Inside the extraordinary life of 100-year-old former codebreaker Audrey

Audrey Kinder has just turned 100 years old and still volunteers with the Broderer's Guild at Norwic

Audrey Kinder has just turned 100 years old and still volunteers with the Broderers' Guild at Norwich Cathedral - Credit: Sonya Duncan

An Antarctic island is named for her, she was part of a war-winning codebreaking team and, aged 100, Audrey Kinder still embroiders beautiful church textiles. 

And yet she might never have existed. Her geologist father was the youngest member of Scott of the Antarctic’s expedition but an injury meant he could not join the doomed trek to the South Pole.  

Instead Frank Debenham dedicated his career to ensuring Robert Falcon Scott’s name and work lived on, becoming the founding director of the Scott Polar Research Institute in Cambridge. In 1911 Frank had helped explore and map tracts of Antarctica but the story goes that he hurt his knee playing football on the ice and could not join Scott's final expedition.   

Frank and his wife went on to have six children including, in 1922, Audrey. Her childhood memories include hearing the news that another Antarctic explorer had discovered a chain of six frozen islands and named them for the six Debenham children. 

Audrey has never been to the Debenham Islands – Barbara, Barry, Audrey, Brian, June and Ann – although a niece has seen them. “Audrey is just an uninhabited rock really,” she said. “But it was very exciting to have them named for us.” 

Audrey Island, Antarctica

Audrey Island, Antarctica - Credit: Supplied by Audrey Kinder

Audrey's father Frank Debenham in Antarctica  

Audrey's father Frank Debenham in Antarctica - Credit: Supplied by Audrey Kinder

Audrey Kinder has just turned 100 years old and still volunteers with the Broderer's Guild at Norwic

One of Audrey's pictures of her father (left) in Antarctica with Captain Scott's expedition team in 1911 - Credit: Supplied by Audrey Kinder

Audrey grew up in Cambridge where her father was the university’s first professor of geography alongside setting up and running the Scott Polar Research Institute.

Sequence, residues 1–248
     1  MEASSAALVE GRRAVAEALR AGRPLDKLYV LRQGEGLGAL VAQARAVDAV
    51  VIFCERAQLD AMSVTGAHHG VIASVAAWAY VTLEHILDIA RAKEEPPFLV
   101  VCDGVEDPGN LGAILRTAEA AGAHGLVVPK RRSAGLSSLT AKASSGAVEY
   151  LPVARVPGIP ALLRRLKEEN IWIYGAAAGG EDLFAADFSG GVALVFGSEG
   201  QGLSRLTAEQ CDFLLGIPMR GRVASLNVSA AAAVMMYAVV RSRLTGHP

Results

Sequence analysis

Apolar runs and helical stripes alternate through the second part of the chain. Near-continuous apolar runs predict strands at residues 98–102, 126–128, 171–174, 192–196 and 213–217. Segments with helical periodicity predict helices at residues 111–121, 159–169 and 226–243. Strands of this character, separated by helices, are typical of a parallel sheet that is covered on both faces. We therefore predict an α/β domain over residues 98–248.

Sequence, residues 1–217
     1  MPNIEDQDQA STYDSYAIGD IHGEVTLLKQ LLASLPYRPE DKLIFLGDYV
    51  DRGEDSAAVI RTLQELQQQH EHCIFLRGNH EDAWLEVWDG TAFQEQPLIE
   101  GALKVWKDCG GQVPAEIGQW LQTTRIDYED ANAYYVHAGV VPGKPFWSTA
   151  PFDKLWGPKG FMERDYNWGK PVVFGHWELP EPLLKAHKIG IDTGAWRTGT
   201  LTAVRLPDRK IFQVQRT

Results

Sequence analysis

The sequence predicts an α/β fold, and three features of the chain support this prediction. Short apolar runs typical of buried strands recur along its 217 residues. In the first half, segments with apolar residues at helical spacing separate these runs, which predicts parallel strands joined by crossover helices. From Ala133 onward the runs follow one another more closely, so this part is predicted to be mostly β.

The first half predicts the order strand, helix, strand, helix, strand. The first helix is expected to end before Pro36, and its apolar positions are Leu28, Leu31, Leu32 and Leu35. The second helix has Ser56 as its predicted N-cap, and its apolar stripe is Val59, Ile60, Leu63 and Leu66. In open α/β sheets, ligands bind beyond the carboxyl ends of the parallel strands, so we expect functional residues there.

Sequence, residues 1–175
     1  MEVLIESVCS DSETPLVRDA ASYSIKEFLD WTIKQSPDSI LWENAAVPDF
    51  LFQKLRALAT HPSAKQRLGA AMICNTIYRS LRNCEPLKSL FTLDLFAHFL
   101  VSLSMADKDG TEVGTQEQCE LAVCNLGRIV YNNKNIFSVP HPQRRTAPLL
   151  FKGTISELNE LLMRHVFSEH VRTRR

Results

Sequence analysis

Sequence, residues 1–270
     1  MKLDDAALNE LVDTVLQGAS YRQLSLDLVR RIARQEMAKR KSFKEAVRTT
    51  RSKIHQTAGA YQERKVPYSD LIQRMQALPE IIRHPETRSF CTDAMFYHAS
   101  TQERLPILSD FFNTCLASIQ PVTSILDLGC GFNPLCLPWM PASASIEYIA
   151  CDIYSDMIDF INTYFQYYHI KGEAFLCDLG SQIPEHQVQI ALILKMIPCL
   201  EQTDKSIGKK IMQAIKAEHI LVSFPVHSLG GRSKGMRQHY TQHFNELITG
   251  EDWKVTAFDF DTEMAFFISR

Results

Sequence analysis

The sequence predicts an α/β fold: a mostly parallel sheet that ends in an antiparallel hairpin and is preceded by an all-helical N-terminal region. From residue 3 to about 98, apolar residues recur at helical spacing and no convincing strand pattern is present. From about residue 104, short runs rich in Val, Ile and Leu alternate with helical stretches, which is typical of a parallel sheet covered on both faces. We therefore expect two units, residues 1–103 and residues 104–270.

“He was completely loyal to Scott and wanted to create this memorial to him. He felt so strongly that Captain Scott’s name should be kept in the public domain and through him people could be helped on future explorations,” said Audrey. 

Most Read

Her father had served in the Army and been injured in France during the First World War. By the time Audrey was 20 the Second World War was raging. She joined the Wrens (the Women's Royal Naval Service) and was sent to Bletchley Park in Oxfordshire where some of the country’s most brilliant mathematicians were cracking German codes. 

“I didn’t know where I was going or what I was going to do,” she said. “The train ticket just said Special Duty X.” For more than 60 years she told no-one of her part in the top-secret operations. Not even her husband knew until the vital work at Bletchley was declassified, many decades later. “I just said I’d been a secretary,” said Audrey. 

She had actually been operating code-cracking machines designed by Alan Turing – setting the dials and levers each day and running encrypted intercepted German messages through them as part of an operation vital to victory over Nazi Germany. She was then sent to Mombasa, in Kenya, to work on different machines, deciphering Japanese codes. 

Audrey Kinder served as a Wren and worked in codebreaking teams during the Second World War

Audrey Kinder served as a Wren and worked in codebreaking teams during the Second World War - Credit: Supplied by Audrey Kinder